Source: George Dobbin was a 67-year old cotton-mill worker when he was interviewed for the book These Are Our Lives, a book put together by the Federal Writer’s Project in 1939.

DOCUMENT D: Hot Lunches for School Children (Modified)

One million undernourished children have benefited by the Works Progress Administration's school lunch program. In the past year and a half 80,000,000 hot well-balanced meals have been served at the rate of 500,000 daily in 10,000 schools throughout the country…

For many children, who are required to leave home early in the morning and travel long distances after school hours to reach their homes, the WPA lunch constitutes the only hot meal of the day…

Through the daily service of warm, nourishing food, prepared by qualified, needy women workers, the WPA is making it possible for many underprivileged children of the present to grow into useful, healthy citizens of the future.



Source: Speech by Ellen S. Woodward, Assistant Administrator; Works Progress Administration.

DOCUMENT E: Economic Statistics





DOCUMENT F: “No Depression in Heaven”



Source: Song Written and Performed by the Carter Family Recorded: 1936

DOCUMENT G: Wither the American Indian? (Modified)

Roosevelt appointed John Collier, a leading reformer, as Commissioner of Indian Affairs in 1933. Collier pushed Congress to create the Indian Emergency Conservation Program (IECP), a program that employed more than 85,000 Indians. Collier also made sure that the PWA, WPA, CCC, and NYA hired Native Americans.

In 1934 Collier convinced Congress to pass the Indian Reorganization Act, which provided money for tribes to purchase new land. That same year, the government provided federal grants to local school districts, hospitals, and social welfare agencies to assist Native Americans.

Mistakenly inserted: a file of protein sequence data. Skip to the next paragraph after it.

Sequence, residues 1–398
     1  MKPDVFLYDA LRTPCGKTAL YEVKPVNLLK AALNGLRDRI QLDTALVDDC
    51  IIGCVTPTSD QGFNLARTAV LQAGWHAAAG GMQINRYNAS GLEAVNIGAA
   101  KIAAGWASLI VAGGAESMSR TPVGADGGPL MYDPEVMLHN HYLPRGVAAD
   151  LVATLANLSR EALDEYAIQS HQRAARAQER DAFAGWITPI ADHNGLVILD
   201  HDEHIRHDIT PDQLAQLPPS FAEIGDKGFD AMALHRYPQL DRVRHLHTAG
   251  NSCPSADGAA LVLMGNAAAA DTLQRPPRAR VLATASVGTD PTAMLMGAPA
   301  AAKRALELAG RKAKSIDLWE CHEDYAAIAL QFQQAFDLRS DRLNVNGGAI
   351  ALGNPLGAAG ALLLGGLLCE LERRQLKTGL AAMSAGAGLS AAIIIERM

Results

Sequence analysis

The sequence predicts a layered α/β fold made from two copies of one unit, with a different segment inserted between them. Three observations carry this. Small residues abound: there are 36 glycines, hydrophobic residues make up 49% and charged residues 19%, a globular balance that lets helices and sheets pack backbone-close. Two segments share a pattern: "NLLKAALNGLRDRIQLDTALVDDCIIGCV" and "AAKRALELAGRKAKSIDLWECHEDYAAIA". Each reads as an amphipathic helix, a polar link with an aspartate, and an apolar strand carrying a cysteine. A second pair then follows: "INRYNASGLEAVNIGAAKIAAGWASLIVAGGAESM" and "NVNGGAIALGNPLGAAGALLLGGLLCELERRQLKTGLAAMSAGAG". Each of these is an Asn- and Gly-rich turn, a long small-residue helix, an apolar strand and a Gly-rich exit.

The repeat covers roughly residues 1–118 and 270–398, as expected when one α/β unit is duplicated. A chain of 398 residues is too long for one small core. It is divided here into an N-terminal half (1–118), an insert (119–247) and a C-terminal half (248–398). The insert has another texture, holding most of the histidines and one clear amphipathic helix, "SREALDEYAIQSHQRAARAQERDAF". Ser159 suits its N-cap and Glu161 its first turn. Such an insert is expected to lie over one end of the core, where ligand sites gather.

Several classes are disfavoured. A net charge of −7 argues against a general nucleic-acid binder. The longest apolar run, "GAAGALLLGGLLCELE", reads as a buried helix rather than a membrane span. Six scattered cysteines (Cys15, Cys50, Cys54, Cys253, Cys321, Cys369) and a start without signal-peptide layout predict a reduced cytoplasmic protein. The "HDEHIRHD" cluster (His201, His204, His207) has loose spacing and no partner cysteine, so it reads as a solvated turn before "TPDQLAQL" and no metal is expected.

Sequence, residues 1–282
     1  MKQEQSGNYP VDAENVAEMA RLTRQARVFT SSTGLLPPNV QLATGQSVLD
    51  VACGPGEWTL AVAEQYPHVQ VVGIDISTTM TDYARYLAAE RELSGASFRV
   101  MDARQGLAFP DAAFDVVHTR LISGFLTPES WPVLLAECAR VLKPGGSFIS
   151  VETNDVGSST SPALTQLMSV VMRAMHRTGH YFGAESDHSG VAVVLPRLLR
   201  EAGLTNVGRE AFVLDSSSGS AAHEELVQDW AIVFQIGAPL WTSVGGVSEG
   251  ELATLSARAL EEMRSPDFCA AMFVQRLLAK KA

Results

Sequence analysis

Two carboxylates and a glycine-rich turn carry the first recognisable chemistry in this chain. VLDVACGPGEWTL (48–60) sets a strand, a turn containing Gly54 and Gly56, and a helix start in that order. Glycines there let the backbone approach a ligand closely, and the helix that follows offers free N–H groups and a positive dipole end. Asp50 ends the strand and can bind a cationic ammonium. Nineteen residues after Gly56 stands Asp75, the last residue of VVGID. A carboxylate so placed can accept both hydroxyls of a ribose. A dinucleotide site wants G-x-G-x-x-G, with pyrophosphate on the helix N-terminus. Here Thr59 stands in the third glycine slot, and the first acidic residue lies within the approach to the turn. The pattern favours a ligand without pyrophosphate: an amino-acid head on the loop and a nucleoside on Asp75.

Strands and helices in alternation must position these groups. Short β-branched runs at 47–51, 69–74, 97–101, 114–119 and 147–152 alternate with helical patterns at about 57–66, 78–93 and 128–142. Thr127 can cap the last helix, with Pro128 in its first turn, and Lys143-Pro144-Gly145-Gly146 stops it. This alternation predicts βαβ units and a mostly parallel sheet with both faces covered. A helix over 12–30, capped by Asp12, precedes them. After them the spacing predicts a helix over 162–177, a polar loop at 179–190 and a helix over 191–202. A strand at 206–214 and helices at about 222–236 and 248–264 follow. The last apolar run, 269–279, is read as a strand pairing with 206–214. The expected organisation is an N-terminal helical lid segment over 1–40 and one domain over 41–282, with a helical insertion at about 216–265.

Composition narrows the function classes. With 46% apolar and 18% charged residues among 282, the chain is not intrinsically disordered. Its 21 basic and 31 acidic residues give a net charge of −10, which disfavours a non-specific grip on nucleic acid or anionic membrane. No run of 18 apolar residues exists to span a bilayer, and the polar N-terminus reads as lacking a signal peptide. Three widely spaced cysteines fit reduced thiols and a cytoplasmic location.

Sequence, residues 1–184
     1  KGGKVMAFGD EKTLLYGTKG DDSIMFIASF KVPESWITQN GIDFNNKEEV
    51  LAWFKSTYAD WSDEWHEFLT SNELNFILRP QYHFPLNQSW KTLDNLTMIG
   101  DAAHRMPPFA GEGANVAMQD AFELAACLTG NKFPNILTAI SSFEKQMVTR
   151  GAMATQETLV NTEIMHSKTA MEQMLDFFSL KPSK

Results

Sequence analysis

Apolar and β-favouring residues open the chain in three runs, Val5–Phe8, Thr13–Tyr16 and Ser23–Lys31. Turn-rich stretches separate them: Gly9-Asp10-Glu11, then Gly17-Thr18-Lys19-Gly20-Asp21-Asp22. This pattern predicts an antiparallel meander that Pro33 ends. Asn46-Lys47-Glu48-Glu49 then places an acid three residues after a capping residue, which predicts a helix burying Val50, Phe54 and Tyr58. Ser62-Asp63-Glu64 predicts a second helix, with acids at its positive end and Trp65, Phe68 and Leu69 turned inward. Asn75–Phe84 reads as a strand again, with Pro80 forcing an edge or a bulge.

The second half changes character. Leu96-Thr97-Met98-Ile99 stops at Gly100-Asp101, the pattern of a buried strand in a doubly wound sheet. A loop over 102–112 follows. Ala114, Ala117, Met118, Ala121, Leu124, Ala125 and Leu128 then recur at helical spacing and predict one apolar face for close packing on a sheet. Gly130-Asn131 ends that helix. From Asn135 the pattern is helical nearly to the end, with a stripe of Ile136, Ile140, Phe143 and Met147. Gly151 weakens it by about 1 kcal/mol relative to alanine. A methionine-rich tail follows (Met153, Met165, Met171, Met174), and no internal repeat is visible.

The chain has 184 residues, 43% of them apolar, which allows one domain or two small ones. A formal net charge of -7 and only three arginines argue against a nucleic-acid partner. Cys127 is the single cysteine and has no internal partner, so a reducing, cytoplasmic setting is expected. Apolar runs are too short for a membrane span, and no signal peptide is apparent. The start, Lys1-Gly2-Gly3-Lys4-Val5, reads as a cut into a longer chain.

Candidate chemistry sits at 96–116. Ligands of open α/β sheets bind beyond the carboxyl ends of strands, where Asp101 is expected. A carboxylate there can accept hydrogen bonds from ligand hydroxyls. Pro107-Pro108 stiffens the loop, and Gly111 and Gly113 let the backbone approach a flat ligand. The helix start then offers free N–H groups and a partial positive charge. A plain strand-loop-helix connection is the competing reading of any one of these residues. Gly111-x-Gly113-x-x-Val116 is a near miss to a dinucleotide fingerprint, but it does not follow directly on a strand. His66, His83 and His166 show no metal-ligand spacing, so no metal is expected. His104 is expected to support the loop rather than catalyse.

Congress is authorized to appropriate $10 million from which loans may be made for the purpose of promoting the economic development of the tribes…

About seventy-five of the tribal corporations are now functioning, with varying degrees of success, and the number continues to grow. The Jicarillas have bought their trading post and are running it; the Chippewas run a tourist camp; the Northern Cheyennes have a very successful livestock cooperative: the Swinomish of Washington have a tribal fishing business. There are plenty of others to prove these corporations can be made to work…

The truth is that the New Deal Indian administration is neither as successful as its publicity says it is, nor as black and vicious a failure as the severest critics would have us believe. Many Indian problems remain unsolved, but everyone has been addressed.



Source: Alden Stevens, “Whither the American Indian,” Survey Magazine of Social Interpretation, March 1, 1940.


DOCUMENT H: Last Hired, First Fired: Women and Minorities in the Great Depression (Modified)

The face of the Great Depression was generally male: shutdown steel mills, men begging in the streets or standing on bread lines. Less visibly, women had been hit hard. Women whose husbands made a living wage were considered expendable from the work force. A 1936 survey revealed that 82% of Americans believed married women whose husbands were employed full-time should not work for wages.

… Single women without children might find work in schools but were often ineligible for other government jobs during the Depression. These gendered policies differed significantly from programs such as the CCC, which employed millions of young men, and the jobs of the National Youth Administration, which were almost exclusively male.

Gendered notions of family and work made it especially difficult for women seeking jobs through the PWA, TVA, and the rest of the “alphabet soup” of federal programs. Only the WPA directed any specific action toward providing jobs for women, although these were usually in low-paying clerical and service positions. Even at its peak in 1938, only 13 percent of WPA workers were women. In addition, federal and state government policies encouraged private-sector employers to hire male heads of households first.

Those fortunate enough to find a job in the private sector found that the labor codes established by the NRA endorsed gender-specific pay scales that restricted women to certain kinds of jobs and still paid them less than men in many of those positions.